Shiloh is covered with markers of all sorts. In my opinion, the most unique ones were those locating where Union camp sites were at the start of the battle. The above picture shows such a marker for the campsite of the 53rd Ohio, the first regiment from Sherman's division to become engaged. The marker points toward where the center of the regimental camp was on the morning of April 6, 1862.

As the sounds of musket fire grew early on the morning of April 6, Colonel Jesse Appler of the 53rd Ohio recognized that somethingwas wrong. He was hearing the sounds emanating through the woods from the initial skirmish fighting near Fraley Field between the first Confederate battle line and portions of Colonel Everett Peabody's brigade. Appler, whose worries over a possible enemy attack had been rebuffed by Sherman just the day before, had pickets and patrols out beyond his camp on the evening of the 5th and morning of the 6th. With the onset of the Confederate attack, Appler's pickets came scampering back into camp, causing alarm among the men of the 53rd Ohio. Appler ordered his regiment into battle lines, facing west, against approaching Confederate troops from Patrick Cleburne's brigade.

Shortly after 7 a.m., Sherman arrived at the 53rd Ohio camp. He had sent a note to Appler earlier that morning, suggesting that he "must be awfully scared over there." Upon arriving, however, Sherman soon realized the approaching threat to his forces.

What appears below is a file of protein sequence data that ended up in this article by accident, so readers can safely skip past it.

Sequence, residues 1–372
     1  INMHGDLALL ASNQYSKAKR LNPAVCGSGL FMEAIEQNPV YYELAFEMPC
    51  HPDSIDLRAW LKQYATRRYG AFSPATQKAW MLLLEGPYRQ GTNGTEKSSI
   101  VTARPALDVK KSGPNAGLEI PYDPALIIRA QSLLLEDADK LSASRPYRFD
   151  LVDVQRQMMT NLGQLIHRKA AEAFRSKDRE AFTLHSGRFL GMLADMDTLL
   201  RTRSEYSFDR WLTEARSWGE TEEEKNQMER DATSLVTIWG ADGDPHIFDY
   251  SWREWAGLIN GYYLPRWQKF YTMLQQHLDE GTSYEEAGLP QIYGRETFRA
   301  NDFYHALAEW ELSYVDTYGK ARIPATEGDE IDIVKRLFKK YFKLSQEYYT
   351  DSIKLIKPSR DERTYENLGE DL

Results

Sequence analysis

Appler's battle lines were formed along the eastern edge of Rhea field (to the right of the picture above). As Confederate skirmishers emerged out of the trees on the western edge of Rhea field (to the left of the edge of the above picture), they sent a volley of musket fire into the Union ranks. As was the case with many Confederates that day, these Southerners were firing buck and ball ammunition. Upon seeing the enemy fire a volley, Sherman threw up his right arm in surprise; a small musket ball lodged in his hand, causing a relatively minor wound. One of Sherman's staff officers, Sergeant Thomas D. Holliday, was hit in the head and killed instantly. Realizing what was happening, Sherman was said to exclaim, "My God, we are attacked!" He quickly rode back toward his headquarters, promising Colonel Appler that he would send reinforcements. At that moment, Sherman knew that he needed to rally his division as quickly as possible to form a strong defensive line. Sherman's fight at Shiloh had begun.